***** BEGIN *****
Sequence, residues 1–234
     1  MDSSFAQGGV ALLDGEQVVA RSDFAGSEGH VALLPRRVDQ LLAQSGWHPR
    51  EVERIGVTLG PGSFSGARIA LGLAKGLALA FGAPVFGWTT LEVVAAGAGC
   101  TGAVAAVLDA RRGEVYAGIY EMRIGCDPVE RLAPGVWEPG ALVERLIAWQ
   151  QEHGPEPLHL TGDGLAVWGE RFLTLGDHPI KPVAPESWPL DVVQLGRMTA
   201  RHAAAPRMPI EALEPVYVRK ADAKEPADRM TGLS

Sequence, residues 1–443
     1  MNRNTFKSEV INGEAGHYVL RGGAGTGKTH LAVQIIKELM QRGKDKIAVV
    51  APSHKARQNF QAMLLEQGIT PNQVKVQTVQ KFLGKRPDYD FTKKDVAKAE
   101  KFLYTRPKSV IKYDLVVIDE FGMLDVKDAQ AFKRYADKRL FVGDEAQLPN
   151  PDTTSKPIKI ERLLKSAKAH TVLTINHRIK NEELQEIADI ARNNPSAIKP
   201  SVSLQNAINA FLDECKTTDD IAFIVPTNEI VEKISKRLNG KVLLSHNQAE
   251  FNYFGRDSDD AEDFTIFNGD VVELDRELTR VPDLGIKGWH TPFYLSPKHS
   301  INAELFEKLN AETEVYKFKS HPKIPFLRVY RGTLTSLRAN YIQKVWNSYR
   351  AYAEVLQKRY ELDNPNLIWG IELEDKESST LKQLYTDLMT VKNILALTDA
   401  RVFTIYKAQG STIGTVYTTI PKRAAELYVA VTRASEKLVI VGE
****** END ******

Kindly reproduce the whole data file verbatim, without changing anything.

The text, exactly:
Sequence, residues 1–234
     1  MDSSFAQGGV ALLDGEQVVA RSDFAGSEGH VALLPRRVDQ LLAQSGWHPR
    51  EVERIGVTLG PGSFSGARIA LGLAKGLALA FGAPVFGWTT LEVVAAGAGC
   101  TGAVAAVLDA RRGEVYAGIY EMRIGCDPVE RLAPGVWEPG ALVERLIAWQ
   151  QEHGPEPLHL TGDGLAVWGE RFLTLGDHPI KPVAPESWPL DVVQLGRMTA
   201  RHAAAPRMPI EALEPVYVRK ADAKEPADRM TGLS

Sequence, residues 1–443
     1  MNRNTFKSEV INGEAGHYVL RGGAGTGKTH LAVQIIKELM QRGKDKIAVV
    51  APSHKARQNF QAMLLEQGIT PNQVKVQTVQ KFLGKRPDYD FTKKDVAKAE
   101  KFLYTRPKSV IKYDLVVIDE FGMLDVKDAQ AFKRYADKRL FVGDEAQLPN
   151  PDTTSKPIKI ERLLKSAKAH TVLTINHRIK NEELQEIADI ARNNPSAIKP
   201  SVSLQNAINA FLDECKTTDD IAFIVPTNEI VEKISKRLNG KVLLSHNQAE
   251  FNYFGRDSDD AEDFTIFNGD VVELDRELTR VPDLGIKGWH TPFYLSPKHS
   301  INAELFEKLN AETEVYKFKS HPKIPFLRVY RGTLTSLRAN YIQKVWNSYR
   351  AYAEVLQKRY ELDNPNLIWG IELEDKESST LKQLYTDLMT VKNILALTDA
   401  RVFTIYKAQG STIGTVYTTI PKRAAELYVA VTRASEKLVI VGE